Excerpt from the chapter on the roasts
From 1998 to 2002, Comedy Central aired five Friars Club roasts. After five years, the agreement between the Friars Club and Comedy Central ended. In 2003 Comedy Central inked a deal with Denis Leary’s production company Apostle. Frank DiGiacomo reported: “Though the partnership had been extremely lucrative to the Friars, they seemed relieved to be free of the yoke of national television. No longer did they have to lard the dais with young observational comics for the sake of demographics, or deal with big-name comedy stars who were afraid of working blue on national cable television.”
The first of the revamped Comedy Central roasts aired in 2003. Robert Kelly traced the origin of these shows to a roast of club owner Barry Katz that took place at the Boston Comedy Club in New York: “Jeff Ross sold the idea to Comedy Central. It was just us celebrating each other and smashing each other. It was pretty fucking great. It was at a little club, just us, mostly comics. Some industry, a little fans. To me, it’s what roasts are all about.”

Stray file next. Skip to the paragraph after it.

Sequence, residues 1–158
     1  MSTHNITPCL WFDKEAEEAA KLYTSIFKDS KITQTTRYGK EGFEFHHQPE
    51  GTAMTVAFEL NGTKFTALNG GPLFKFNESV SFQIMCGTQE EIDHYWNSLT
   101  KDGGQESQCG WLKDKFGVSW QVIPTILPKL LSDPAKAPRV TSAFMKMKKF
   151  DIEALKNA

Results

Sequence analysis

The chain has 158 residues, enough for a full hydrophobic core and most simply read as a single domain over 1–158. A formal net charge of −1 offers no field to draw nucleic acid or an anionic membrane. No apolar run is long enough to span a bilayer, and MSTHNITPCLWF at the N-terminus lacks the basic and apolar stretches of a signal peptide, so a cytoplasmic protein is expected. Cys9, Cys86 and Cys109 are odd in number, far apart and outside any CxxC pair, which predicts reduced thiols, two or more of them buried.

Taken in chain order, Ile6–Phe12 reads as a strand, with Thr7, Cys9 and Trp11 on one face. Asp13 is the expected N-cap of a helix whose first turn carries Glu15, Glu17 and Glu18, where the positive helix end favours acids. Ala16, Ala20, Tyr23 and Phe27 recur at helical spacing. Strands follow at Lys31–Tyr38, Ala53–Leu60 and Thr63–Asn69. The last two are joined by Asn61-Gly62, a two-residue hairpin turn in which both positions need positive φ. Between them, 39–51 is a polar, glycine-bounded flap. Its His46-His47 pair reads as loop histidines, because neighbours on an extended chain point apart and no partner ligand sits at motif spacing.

Greg performed in nine of the roasts that aired on Comedy Central: Chevy Chase in 2002, Jeff Foxworthy and Pamela Anderson in 2005, William Shatner in 2006, Flavor Flav in 2007, Bob Saget in 2008, Larry the Cable Guy and Joan Rivers in 2009, and David Hasselhoff in 2010. Comedians and comedy fans revere Greg as one of the best roasters ever. His intelligence, writing skills, ability to ad-lib, and his lack of concern for being offensive all came together. The results were often hilarious.
Many knew Greg as “the guy from the roasts.” The shows enhanced his notoriety, but they may have detracted from his broader standup talents. To fervent fans, calling Greg a roast comedian is like calling Michael Jordan as a slam-dunk champion. Roasts were an exhibition where Greg excelled, but they did not encompass his overall comedic style.